You need to know, precisely, what you’re not capable of doing.
Do a Google search on “Statement of Work.” You’ll be hard pressed to find a definition that does not contain the phrase formal document. There’s a solid reason, and it has everything to do with success if you plan to partner with a world-class consultant for your next technology project.
Demand exceeds capacity when you’re an industry leader, especially in the IT consulting field. Studying project feasibility is like window shopping in front of a Starbucks at 7 o’clock in the morning. A barista isn’t going to wander out and ask you if you need assistance.
“Wow, that’s rude.”
What you just read may sound snobbish on the surface. So, the consultant I want to work with doesn’t want to give me the time of day unless I’m ready to write a check, huh?
It’s not about money. It’s about execution.
You’ll still undertake a considerable amount of planning and brainstorming after you engage a consultant. It’s their job to ensure that your technology project is successful. They’ll challenge your assumptions and poke holes in your plan.
But they need something to poke holes in. A concept isn’t enough.
Consultants—particularly those specializing in IT project implementation—structure their organizations to implement. They have a proven record of accomplishment for taking a Statement of Work and breaking it down into the recipe that delivers a project on time, and on budget.
The project often moves an organization outside its core capabilities.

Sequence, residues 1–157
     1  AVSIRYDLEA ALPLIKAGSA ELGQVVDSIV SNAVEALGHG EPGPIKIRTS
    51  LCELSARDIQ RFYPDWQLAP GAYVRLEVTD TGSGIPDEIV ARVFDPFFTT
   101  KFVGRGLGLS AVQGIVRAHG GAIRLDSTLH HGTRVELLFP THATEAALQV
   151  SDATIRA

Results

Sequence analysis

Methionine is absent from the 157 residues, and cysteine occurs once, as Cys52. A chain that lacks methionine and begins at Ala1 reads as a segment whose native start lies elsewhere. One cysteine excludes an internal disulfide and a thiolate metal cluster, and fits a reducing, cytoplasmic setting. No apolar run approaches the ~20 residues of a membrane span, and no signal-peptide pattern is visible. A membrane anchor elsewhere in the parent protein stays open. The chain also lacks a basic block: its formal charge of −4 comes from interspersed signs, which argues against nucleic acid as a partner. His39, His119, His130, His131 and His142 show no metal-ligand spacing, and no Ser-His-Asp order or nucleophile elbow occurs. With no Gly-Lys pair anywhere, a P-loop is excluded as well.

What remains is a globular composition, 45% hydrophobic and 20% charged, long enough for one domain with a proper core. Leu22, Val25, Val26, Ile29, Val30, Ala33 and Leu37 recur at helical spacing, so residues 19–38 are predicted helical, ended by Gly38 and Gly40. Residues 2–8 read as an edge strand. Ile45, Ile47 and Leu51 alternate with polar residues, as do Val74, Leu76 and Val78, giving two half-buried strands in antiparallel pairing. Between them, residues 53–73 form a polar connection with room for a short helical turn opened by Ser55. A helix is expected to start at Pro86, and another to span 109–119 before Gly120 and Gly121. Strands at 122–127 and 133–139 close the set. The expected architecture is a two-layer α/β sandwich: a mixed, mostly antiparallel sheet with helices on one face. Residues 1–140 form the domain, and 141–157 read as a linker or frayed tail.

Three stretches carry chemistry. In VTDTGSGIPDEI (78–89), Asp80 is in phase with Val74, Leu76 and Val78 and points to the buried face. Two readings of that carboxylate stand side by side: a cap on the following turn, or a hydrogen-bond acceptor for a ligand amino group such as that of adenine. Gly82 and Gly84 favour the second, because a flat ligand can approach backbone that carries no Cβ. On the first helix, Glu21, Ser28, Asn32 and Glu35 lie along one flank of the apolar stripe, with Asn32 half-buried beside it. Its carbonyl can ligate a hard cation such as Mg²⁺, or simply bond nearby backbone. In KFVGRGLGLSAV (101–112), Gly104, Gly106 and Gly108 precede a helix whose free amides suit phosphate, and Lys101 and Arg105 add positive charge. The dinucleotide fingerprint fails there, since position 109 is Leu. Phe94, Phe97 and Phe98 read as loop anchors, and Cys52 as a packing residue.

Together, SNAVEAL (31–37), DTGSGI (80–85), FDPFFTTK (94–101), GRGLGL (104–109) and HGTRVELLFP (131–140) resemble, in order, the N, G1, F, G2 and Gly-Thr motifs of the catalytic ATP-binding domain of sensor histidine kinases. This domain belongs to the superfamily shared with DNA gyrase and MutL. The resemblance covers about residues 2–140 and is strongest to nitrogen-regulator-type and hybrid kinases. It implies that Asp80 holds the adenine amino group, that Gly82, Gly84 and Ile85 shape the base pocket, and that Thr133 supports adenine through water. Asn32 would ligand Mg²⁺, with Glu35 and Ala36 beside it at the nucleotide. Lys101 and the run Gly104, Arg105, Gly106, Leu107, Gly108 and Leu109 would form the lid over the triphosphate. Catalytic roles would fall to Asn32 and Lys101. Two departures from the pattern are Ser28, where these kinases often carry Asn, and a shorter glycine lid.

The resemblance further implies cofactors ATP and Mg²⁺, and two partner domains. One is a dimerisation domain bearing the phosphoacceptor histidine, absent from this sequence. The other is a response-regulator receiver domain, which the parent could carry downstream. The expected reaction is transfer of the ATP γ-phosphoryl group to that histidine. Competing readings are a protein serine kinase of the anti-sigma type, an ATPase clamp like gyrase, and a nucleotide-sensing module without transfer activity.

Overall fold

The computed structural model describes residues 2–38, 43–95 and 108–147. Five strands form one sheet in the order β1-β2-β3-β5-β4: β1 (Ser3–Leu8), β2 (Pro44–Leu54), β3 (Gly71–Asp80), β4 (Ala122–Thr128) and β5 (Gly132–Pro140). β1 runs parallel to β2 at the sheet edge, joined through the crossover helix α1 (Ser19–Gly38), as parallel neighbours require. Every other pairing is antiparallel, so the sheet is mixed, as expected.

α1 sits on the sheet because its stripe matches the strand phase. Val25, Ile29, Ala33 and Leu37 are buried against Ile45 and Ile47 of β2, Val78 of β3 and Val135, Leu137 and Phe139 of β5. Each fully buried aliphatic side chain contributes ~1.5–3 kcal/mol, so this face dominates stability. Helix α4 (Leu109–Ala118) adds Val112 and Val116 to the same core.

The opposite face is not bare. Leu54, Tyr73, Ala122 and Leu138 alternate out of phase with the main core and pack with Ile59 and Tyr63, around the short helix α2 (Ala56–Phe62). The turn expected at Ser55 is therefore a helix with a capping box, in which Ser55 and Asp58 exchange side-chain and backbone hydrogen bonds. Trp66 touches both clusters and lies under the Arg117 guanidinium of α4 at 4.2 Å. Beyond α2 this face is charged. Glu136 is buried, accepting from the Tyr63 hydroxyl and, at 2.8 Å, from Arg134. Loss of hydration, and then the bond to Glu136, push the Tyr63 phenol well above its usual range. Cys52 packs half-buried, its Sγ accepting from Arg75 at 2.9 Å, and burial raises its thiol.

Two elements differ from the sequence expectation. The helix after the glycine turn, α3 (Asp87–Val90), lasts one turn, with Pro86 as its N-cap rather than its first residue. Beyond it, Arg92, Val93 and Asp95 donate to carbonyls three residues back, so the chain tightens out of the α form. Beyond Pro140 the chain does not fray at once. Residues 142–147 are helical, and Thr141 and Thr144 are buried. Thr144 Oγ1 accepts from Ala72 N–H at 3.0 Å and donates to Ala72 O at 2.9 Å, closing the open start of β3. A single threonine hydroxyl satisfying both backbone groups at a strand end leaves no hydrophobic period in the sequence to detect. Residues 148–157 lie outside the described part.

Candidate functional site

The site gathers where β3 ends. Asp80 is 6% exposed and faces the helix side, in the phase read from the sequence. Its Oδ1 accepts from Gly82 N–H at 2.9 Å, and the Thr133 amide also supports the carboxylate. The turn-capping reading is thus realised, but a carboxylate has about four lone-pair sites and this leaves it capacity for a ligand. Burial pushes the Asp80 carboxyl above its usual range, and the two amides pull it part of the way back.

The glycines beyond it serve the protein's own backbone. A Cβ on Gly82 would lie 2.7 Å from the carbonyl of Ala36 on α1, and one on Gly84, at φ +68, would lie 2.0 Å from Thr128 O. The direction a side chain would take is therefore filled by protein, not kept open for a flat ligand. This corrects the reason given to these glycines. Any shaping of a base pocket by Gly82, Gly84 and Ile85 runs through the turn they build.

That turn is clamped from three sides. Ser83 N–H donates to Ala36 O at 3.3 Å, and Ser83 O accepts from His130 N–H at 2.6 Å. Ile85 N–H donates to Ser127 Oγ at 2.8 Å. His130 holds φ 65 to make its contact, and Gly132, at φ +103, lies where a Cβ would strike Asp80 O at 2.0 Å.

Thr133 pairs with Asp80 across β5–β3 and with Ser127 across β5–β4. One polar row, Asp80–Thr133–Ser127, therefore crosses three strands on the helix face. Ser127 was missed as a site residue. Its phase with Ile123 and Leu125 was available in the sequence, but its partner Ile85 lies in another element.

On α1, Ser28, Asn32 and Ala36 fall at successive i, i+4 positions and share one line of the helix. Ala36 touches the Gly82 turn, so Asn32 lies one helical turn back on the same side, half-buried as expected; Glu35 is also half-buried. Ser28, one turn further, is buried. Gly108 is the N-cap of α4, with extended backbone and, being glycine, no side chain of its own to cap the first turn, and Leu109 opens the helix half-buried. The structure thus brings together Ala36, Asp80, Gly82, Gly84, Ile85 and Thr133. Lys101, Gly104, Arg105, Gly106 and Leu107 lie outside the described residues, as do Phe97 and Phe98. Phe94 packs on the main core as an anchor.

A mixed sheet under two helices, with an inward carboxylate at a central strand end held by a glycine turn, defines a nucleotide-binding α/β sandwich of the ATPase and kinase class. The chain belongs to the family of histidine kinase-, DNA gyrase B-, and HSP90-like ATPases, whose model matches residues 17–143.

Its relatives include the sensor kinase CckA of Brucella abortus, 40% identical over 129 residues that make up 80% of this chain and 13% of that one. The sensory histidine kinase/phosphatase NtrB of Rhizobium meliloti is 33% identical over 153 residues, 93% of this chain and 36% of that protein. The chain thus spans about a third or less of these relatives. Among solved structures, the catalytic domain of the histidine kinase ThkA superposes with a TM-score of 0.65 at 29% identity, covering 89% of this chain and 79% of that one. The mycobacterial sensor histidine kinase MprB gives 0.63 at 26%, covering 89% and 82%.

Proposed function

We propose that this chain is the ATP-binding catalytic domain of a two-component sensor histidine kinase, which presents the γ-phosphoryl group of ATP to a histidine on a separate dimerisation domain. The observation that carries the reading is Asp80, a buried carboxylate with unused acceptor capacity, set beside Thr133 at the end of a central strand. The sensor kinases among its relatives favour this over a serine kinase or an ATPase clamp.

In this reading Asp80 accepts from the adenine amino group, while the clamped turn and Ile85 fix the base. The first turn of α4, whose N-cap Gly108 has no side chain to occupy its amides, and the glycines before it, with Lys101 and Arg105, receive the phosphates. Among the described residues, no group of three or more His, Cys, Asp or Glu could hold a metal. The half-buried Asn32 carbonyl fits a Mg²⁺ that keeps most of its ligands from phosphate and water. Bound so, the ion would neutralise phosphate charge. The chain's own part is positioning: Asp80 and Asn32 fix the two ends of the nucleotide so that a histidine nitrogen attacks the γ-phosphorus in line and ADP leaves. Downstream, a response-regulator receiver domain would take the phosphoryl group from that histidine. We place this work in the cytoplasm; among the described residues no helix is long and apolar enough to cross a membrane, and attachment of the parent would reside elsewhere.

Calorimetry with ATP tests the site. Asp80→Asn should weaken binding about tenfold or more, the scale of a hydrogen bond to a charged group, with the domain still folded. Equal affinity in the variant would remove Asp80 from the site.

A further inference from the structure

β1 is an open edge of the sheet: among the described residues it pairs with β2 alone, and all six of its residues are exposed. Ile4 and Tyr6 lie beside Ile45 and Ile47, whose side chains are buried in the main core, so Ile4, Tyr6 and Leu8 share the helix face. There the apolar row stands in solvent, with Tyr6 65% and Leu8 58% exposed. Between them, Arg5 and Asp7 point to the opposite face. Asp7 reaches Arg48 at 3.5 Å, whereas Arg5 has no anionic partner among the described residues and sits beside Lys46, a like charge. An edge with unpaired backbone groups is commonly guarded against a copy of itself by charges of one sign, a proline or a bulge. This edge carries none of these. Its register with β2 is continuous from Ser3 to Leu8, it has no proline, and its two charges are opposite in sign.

Knowing what you are capable of doing
After you complete the Statement of Work for a project, you’ll have a document that defines the scope of your objective. It forces you to think all the way through, as you’ll define deliverables, costs, and your timeline.
The most important thing it forces you to do is figure out the resources—talent-wise—you need. This information is crucial for a consultant. They need to know what you can and cannot do.
At the macro level, it starts with knowing if the project moves your organization outside of its core capabilities—and there’s no better reason to partner with a consultant. Creating a detailed Statement of Work document focused on required resources takes you down to the granular level.
A consultant will still undertake due diligence, but you will have a document that lays the ground rules. You’ve identified the stakeholders. You’ve allocated company resources to support the project.
You are committed, to the point of your organization’s ability to support the project. Now your consultant can build the bridge that connects your resources with what they will provide to carry the project to completion.
The most successful Statement of Work documents are detailed and specific. They identify strengths, and call out deficits. They take the organization’s past accomplishment timelines into consideration to predict time and resources needed to complete the project. Even so, these documents are supportive of flexibility. That’s important. All projects must allow for evolution.
While you can’t predict that evolution, you should know your operating parameters. Those are things a consultant can’t help you with. You must bring those to the table.
The Consultis approach
We specialize in finding the talent that will take your project blueprint and turn it into a reality. We’ve been doing that for more than 32 years now, so we have a firm understanding of what we need to find that talent.
It’s why we consider a Statement of Work to be the critical “Do not pass Go” step you must complete at the very start of any technology project. IT-based projects often begin as fragile and interdependent efforts until the foundation is completed. Then the robust building and growth begins.
We need to know not only what technology talent you need, but why.
It’s how we execute.